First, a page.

a popular Scottish phenomenon is the 'Buckie Commando' who is an intoxicated, aggressive, fearless consumer of the Buckfast Tonic Wine... There now are numerous aliases that the wine is known by, some printable examples are; 'Commotion Lotion', 'Wreck the Hoose Juice' and 'Bottle of Fight the World'.
Strathclyde police confirm that there were
448 mentions of "Buckfast" in reports of murders, attempted murders, serious assaults and common assaults in 2008-09, out of a total of 7,483 violent offences. That equates to 6% of the total.
Of these 114 involved the use of a Buckfast bottle as a weapon. This equates to 1.5% of the total
A BBC investigation adds
This echoes a study carried out in 2007 at Polmont Young Offenders Institution. It found that of those offenders who had been drinking immediately before their offence, more than 40% had been drinking Buckfast.
The man who conducted that research, Alasdair Forsyth, says the findings were remarkable. "This is a product, a brand which unusually for any product, is always trumpeting how few units they sell, that they sell less than half of 1% of all the alcohol in Scotland," he says.
This has led to moves within the Scottish parliament to ban Buckfast in the country.
As Monty Python observed, 'contemporary government applies one standard to violence within the community and another to violence perpetrated by one community upon another'. There are times when that enhanced, fearless fighting spirit comes in handy. Are you being bombed by Nazis? Bucky will make it all palatable. This advert ran in the British press during the Second World War.
Buckfast Tonic Wine is made by a secret process and to a formula perfected by the monks many years ago. It is still made with the same unhurried care at Buckfast Abbey in the calm of the Devon Hills. Its recuperative properties are invaluable to meet the strain of war time conditions.
Nerves and depression are largely physical, the result of an unaccustomed drain on your strngth and vigour. A wineglassful of Buckfast two or three times a day will quickly restore your energies and help to maintain your strength and mental poise.
They were not the first to spot its propensity for making people confident in violent circumstances. Those commanding the first world war knew that turning petrified shellshocked boys into Buckie Commandoes would be good for the chances of victory. According to Lyn Macdonald's book Somme, British troops were issued with an English-French phrase book sponsored by Wincarnis Tonic Wine with the slogan 'for the relief of nerves in the trenches'.
Indeed, in July 1916 as the Battle of the Somme was raging the British Journal of Nursing listed Wincarnis, saying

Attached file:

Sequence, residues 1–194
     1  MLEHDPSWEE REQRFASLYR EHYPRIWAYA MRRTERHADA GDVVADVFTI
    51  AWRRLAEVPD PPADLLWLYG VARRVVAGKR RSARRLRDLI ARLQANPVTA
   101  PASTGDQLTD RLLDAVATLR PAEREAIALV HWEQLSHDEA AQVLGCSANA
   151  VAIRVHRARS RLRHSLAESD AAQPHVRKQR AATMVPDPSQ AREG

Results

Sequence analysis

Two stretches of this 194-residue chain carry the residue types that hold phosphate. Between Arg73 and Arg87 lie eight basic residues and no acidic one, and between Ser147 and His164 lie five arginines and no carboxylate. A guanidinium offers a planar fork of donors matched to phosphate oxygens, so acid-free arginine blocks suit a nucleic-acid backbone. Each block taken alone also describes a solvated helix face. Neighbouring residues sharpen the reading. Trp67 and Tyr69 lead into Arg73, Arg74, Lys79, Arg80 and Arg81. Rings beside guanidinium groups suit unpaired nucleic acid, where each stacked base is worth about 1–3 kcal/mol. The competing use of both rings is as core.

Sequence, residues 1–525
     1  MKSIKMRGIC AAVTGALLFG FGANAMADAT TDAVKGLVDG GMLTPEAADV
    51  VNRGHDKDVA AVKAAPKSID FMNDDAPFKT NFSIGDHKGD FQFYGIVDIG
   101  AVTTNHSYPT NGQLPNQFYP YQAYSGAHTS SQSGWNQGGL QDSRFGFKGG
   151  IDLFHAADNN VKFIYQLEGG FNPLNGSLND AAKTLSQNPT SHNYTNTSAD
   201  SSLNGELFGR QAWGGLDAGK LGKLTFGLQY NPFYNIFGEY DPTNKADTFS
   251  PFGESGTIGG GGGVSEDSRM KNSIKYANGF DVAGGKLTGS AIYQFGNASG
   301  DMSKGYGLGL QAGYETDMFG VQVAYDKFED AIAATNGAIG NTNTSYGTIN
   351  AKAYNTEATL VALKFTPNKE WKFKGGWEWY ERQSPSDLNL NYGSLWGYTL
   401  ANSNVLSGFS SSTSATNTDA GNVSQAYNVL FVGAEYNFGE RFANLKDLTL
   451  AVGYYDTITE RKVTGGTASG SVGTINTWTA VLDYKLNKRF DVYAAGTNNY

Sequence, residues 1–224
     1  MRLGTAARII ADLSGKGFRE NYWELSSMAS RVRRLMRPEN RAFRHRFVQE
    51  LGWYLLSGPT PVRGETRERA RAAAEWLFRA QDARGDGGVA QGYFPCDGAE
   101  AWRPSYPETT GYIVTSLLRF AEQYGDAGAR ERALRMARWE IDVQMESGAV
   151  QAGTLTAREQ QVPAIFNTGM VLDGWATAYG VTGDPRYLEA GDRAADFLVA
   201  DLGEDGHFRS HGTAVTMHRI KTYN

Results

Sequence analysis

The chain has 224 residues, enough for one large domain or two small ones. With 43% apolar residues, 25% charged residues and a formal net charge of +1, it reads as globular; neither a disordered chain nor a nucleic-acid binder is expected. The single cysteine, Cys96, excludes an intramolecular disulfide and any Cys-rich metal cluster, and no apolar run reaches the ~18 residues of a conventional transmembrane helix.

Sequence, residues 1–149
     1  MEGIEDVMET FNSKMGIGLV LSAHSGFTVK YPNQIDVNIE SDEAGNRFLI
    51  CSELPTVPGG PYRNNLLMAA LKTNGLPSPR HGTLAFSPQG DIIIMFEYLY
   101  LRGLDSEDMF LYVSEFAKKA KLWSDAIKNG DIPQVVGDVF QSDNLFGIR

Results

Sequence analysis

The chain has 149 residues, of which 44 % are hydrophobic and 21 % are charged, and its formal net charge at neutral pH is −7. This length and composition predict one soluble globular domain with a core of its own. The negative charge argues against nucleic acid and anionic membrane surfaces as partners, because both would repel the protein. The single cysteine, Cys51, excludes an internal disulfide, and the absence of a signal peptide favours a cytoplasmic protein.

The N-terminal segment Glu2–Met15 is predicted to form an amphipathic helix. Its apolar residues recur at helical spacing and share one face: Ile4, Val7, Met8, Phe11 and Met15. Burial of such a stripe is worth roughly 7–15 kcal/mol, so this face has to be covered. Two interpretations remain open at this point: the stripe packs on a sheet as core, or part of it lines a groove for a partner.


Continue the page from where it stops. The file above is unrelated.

the primary effect is immediate stimulation and invigoration of the system, and the secondary an upbuilding of mental and physical vigour, and that as the secondary follows immediately after the primary effect, the upbuilding of bodily vigour occurs before the stimulating effect has worn off
A bottle of fight the world indeed. Wincarnis was originally called Liebig’s Extract of Meat and Malt Wine. The subsequent brand name 'win-carnis' means 'wine-meat'. These days they make it without actual meat, and nothing of Buckfast's altercation-inviting caffeine avalanche, but it's still a right radge tipple.
We should perhaps be grateful that Buckfast only augments its alcohol with caffeine. When tonic wines became popular in the late 1800s, many of them
used potent, poorly understood and often addictive ingredients. These included strychnine, morphine, opium, quinine, lithium salts and cocaine.
Buckfast with cocaine? Imagine the possibilities.
Graham Harding's book A Wine Miscellany informs us that
Coca wine, with cocaine, was already flourishing in late nineteenth-century America when Dr. John S. Pemberton created his “French Wine Coca” in 1886. He was a latecomer to the market, which was dominated by Angelo Mariani’s Coca Wine. This product, conceived and marketed by a French priest, added cocaine to wine.
Pemberton added both kola nuts and damiana (a natural aphrodisiac) to his drink and marketed it as an aid to overcoming morphine addiction. It was advertised as an “intellectual beverage” with the capacity to “invigorate the brain.”
Cocaine was removed from the drink in 1904, though the Coca-Cola Company continued to use “decocainised” coca leaves as flavoring for some decades. It is possible that they may still do so.
In 2002, the Bolivian authorities authorized the export of 159 tons of coca leaf to the United States “for the manufacturing of the soft drink, Coca-Cola.” The company was equivocal in its response to inquiries. “The formula for Coca-Cola is a very closely guarded trade secret. Therefore we do not discuss the formula.” Make of that what you will.